LOOK BOOK | green scene
On July 18, the Clarkston Garden Walk & Artisan Market, sponsored by the Clarkston Farm and Garden Club, will showcase six unique gardens, clarkstongardenclub.org. Read more about this annual event in this issue’s Datebook section.
INTEREST & INTRIGUE
A nondescript Clarkston garden gets a makeover with a woodlands touch
BACKSTORY: In the mid-1970s, when Jim and Patsy Carlson purchased their home in Clarkston, it sat on what Patsy calls “a typical subdivision lot planted with some hostas, impatiens, begonias, and pine and spruce trees.” Because Jim is from Marquette and they both like the natural look of the Upper Peninsula so much, they decided they wanted to create a garden with more unusual plants and more charm, evocative of northern Michigan. After careful thought, the couple decided to create a haven for birds and wildlife. “You can’t have too many birds,” Patsy says.
IN THE HEIGHTS: “The original garden was very flat, so I added mounds of soil and compost to get different heights, (and then brought in) lots of boulders,” Patsy says. “I also added four little ponds. I didn’t want a water feature taking over the yard, because I wanted it to feel like you’re walking through the woods and come upon a little clearing where there’s a woodland glade with water and filtered sun.”
BEYOND BEGONIAS: The Carlsons’ yard barely has a blade of grass. Instead, perennials and woodland plants were placed along crushed limestone and gravel paths that Patsy created. Plantings include bear’s breeches, crocosmia, jewelweed, petasites, many cultivars of hosta, yellow wax bell, pinelia, zebra grass, porcelain vine, and painter’s palette, which glows at both dawn and dusk. Tropical plants include red banana and croton. “The more unusual the plants are, the better I like them,” Patsy says. “I don’t like the run-of-the-mill, so I buy just a few annuals each year and tuck them in so they don’t scream and shout. I let nature take care of that, and she does a very good job.”
GREEN SCENE: Patsy says her verdant garden features “a whole gambit of greens but also has touches of reds, pinks, and fuchsias, (so there are) spots of color here and there.”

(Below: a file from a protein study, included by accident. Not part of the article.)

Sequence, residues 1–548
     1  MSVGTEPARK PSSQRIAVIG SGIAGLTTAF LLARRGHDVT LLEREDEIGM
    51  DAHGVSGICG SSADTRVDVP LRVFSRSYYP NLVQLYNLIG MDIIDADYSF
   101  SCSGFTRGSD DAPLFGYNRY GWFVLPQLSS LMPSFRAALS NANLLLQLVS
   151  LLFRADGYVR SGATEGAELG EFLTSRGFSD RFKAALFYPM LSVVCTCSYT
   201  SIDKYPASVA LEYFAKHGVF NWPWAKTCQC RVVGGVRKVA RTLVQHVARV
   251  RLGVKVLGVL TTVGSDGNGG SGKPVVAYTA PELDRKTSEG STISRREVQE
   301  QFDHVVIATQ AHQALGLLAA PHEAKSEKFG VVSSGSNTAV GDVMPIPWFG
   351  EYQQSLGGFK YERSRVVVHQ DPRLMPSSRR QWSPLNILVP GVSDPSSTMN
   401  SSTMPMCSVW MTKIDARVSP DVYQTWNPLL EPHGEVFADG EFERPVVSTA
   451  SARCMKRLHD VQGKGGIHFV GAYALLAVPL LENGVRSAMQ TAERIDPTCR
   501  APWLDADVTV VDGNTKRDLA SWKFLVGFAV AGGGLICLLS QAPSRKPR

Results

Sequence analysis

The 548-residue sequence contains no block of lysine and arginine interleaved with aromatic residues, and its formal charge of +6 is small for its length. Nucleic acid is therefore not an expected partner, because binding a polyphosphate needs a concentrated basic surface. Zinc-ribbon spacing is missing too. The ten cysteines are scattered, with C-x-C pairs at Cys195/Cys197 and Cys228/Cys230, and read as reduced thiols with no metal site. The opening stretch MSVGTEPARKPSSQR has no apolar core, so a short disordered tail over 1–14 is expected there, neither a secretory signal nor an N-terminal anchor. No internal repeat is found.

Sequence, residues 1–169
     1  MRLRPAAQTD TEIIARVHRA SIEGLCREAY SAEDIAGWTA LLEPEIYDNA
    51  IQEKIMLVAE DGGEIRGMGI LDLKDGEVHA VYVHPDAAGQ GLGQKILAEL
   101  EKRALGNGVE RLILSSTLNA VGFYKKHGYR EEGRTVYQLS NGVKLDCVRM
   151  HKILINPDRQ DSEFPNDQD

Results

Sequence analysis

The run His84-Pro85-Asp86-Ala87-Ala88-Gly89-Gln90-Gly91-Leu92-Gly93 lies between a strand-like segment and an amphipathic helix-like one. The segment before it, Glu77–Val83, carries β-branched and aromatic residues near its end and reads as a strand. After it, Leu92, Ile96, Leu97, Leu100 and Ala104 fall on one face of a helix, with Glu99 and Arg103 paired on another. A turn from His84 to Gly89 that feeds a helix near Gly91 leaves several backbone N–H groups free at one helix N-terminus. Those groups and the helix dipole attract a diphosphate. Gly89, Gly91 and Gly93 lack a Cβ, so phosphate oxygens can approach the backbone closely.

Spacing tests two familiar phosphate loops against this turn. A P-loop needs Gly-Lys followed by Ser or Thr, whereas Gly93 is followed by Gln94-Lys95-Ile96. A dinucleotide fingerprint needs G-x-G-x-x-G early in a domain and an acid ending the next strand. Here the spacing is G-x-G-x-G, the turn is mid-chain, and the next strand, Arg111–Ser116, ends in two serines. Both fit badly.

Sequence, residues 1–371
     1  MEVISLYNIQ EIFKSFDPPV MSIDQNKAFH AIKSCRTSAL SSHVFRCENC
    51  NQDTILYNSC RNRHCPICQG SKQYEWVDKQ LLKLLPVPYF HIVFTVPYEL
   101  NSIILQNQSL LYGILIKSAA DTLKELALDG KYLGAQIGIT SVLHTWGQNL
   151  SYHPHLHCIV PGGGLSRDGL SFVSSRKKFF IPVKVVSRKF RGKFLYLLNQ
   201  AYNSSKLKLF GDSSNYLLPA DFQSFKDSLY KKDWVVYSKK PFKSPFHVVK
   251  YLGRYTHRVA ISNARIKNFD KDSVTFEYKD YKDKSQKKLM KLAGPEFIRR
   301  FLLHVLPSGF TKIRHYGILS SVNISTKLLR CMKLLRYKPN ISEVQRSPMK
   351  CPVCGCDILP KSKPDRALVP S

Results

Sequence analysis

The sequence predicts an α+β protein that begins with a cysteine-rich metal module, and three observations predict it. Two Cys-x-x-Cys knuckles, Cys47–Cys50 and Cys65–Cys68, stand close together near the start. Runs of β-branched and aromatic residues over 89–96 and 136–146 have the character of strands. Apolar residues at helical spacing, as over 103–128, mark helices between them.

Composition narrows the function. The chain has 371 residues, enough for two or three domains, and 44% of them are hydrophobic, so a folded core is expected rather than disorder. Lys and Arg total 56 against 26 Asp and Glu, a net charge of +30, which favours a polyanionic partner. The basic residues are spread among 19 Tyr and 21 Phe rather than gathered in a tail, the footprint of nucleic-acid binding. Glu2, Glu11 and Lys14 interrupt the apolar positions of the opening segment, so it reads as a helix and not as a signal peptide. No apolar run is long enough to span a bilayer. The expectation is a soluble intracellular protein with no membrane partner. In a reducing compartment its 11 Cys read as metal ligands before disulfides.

STUMPED: When a tree dies, Patsy tries to save the stump and uses it as a natural base to decorate with some form of art. “The art doesn’t have to be expensive,” she says. “I have birdhouses that cost a dollar — and everybody loves them.”
BITS OF HISTORY: Patsy says she also likes to preserve history by placing artifacts in the garden. That explains why an 8-foot-tall metal cupola originally from the Pontiac State Hospital sits in a prominent place, brick pavers (circa 1900) from a road in Toledo line a flower bed in front of the house, and a seahorse-shaped stone birdbath from the 1940s rests on a bed of pine needles.
FAVORITE HAUNTS: “I buy plants wherever I go,” Patsy says. “If I don’t have room for them, I find room.” Favorite sources are Gee Farms Nursery and Garden Center in Stockbridge, near Lansing; Wojo’s Greenhouse in Ortonville; the Oakland County Farmers Market in Pontiac; and Bordine’s in Rochester.
MAKING A SPLASH
Grosse Pointe Park layout charms with koi, waterfalls, bubbling streams, and more
BACKSTORY: We spotted the gardens of Rodger Hunwick and his wife, Kathie, on the 2017 Grosse Pointe Garden Tour and couldn’t stay away. The couple purchased their historic stucco cottage-style home, located in what’s known as the Cabbage Patch District of Grosse Pointe Park, in 2001. “At that time, the home had no garden at all,” Hunwick says.
ON GOLDEN POND: The highlight of the narrow garden, which measures approximately 70 by 100 feet, is its fabulous pond. The pond, an unexpected delight, includes two bubbling streams with waterfalls. Twenty-five-feet long and 8 feet across at its widest part, the pond holds 3,000 gallons of water. “I sculpted the pond with a shovel after the original hole was dug, making it a curved shape,” Hunwick says. “Nowadays it’s stocked with pink, yellow, and white water lilies; water irises; and grasses — as well as eight colorful Japanese koi and a lot of goldfish. The fish remain in the pond all year. I aerate it in the winter, and the fish stay in the deep part and … aren’t interested in eating at all.”